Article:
Some recipes use just grounded sesame, but I like the way whole seeds coat the burdock pieces. By partially grounding, you can extract a good flavour of roasted sesame while keeping the texture of the sesame seeds.
All you need to do is to add light soy sauce, vinegar and sugar to the semi-ground sesame seeds and mix well to make the sauce.
The proportion of these ingredients is 2 tbsp of roasted white sesame seeds (before ground) + 1 tbsp of light soy sauce + 2 tsp of sugar + 1 tsp of rice wine vinegar. If you don’t have light soy sauce, you can use normal soy sauce.
Sesame Seeds Grinder – A Handy Kitchen Gadget
When I need to grind seeds finely, I use a mortar and pestle. But like today’s dish, if I only need to grind partially so that I can get a mix of seeds in different grinding level, I use a little kitchen tool specifically designed for grinding sesame seeds for Japanese cooking.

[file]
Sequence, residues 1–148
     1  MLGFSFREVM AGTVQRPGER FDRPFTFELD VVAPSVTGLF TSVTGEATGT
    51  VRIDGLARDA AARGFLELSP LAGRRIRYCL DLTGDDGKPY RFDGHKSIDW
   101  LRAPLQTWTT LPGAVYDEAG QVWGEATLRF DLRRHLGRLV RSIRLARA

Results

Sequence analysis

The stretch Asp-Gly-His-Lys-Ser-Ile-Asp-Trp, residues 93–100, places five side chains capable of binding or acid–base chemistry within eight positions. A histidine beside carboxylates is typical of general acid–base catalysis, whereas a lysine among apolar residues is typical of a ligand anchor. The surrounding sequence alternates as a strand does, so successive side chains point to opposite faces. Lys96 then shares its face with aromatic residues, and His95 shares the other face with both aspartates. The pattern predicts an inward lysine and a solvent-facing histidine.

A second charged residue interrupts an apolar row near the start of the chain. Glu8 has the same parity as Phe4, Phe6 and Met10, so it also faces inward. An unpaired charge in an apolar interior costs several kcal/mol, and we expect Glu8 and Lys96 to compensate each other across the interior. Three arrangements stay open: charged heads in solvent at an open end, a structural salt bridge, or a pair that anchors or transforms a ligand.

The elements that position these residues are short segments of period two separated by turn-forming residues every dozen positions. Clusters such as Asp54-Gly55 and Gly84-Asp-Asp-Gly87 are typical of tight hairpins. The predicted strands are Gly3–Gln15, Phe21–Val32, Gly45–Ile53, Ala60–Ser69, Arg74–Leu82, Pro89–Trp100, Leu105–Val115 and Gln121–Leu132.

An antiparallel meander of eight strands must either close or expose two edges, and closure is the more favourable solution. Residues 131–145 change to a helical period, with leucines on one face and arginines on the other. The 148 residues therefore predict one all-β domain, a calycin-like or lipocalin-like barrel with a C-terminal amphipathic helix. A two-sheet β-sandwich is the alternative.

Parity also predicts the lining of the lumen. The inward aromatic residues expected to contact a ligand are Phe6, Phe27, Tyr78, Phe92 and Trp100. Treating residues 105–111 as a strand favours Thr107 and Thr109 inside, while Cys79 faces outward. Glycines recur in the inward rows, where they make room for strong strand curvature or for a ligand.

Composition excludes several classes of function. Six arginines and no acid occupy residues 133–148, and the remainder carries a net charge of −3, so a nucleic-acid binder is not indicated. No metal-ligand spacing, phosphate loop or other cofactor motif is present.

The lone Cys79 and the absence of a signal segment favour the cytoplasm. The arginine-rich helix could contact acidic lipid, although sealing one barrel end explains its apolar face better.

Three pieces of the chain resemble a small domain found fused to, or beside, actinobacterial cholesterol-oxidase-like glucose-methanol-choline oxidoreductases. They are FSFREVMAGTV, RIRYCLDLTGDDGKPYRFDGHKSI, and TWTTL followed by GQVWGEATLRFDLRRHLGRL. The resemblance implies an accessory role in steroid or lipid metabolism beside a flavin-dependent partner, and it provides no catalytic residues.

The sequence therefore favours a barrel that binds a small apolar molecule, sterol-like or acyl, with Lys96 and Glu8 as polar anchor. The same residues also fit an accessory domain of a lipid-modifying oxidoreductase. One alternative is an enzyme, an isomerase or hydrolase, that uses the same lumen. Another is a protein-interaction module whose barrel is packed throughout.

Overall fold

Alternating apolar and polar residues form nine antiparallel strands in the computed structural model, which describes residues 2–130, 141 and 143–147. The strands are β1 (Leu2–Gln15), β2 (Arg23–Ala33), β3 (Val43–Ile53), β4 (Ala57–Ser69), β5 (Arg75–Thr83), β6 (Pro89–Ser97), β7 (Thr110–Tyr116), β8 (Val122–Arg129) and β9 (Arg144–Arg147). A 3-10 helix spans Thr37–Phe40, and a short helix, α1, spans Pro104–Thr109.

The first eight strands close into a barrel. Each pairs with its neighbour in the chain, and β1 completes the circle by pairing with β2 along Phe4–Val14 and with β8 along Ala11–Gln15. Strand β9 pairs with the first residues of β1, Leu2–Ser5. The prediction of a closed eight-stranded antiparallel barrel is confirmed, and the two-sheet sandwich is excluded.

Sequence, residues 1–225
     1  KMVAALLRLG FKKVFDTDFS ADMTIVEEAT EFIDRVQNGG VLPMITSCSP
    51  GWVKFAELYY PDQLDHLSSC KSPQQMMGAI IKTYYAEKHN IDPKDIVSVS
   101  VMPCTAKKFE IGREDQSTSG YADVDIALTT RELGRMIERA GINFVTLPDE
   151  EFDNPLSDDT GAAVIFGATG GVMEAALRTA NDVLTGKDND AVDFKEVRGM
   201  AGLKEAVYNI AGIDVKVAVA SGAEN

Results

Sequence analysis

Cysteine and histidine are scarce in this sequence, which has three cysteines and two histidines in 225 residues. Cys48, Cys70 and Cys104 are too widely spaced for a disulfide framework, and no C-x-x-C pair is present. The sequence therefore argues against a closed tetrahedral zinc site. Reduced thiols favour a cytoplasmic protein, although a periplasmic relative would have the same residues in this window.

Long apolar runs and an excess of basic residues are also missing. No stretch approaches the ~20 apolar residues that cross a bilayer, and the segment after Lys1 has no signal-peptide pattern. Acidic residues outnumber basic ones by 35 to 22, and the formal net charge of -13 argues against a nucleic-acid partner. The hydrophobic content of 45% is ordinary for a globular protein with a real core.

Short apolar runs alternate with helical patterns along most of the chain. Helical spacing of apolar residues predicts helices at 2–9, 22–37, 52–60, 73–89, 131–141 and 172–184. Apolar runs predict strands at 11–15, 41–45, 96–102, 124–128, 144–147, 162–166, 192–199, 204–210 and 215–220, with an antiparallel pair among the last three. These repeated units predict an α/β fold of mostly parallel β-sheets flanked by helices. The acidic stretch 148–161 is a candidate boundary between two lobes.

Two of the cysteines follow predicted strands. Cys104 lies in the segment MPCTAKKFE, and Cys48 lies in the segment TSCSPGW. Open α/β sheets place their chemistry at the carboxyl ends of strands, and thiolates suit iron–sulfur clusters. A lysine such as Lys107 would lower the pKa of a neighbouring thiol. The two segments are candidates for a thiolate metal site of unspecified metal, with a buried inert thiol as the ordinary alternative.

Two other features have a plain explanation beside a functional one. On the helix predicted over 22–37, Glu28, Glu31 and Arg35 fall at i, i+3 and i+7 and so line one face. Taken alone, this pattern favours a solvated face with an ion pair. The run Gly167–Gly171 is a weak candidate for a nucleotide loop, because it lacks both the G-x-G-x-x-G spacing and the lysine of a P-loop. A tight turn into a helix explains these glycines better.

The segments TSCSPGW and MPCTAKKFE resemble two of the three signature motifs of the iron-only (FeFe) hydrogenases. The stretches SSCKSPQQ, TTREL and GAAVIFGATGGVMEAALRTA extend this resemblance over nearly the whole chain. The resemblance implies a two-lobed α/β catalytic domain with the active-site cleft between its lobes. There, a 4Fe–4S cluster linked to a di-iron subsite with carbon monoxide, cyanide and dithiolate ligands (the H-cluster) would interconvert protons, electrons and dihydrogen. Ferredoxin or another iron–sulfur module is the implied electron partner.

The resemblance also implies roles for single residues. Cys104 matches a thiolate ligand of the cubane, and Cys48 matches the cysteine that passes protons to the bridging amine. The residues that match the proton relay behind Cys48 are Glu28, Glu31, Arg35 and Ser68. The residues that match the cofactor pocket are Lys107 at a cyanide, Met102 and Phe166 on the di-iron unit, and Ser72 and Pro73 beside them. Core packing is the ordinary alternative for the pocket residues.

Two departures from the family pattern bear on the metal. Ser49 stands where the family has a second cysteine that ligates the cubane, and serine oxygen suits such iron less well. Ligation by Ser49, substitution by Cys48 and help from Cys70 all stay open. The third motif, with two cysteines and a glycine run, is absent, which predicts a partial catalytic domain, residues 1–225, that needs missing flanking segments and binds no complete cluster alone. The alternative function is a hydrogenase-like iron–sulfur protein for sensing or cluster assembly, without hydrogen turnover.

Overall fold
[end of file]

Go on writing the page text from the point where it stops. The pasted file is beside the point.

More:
This tool is called ‘gomasuriki’ (胡麻すり器), meaning sesame grinding tool. This gmasuriki has been around for many years and I have been using it since I started cooking when I was in high school.
Its shape is a bid odd (see the left photo above), but it is ergonomic and well-designed. Hold the transparent plastic body with your left hand (for right handers), facing the handle downwards, then turn the coloured round plastic plate clockwise using the handle (see the middle photo above).
If you are only grating a couple of tablespoons of sesame seeds, this is easier and less washing (well, I hardly wash this tool).
I bought it at Daiso discount store, but you can find them on eBay and Amazon, etc. I just thought I should introduce you to a nifty little kitchen tool as I find it quite fun to turn the dial and see ground sesame seeds coming out.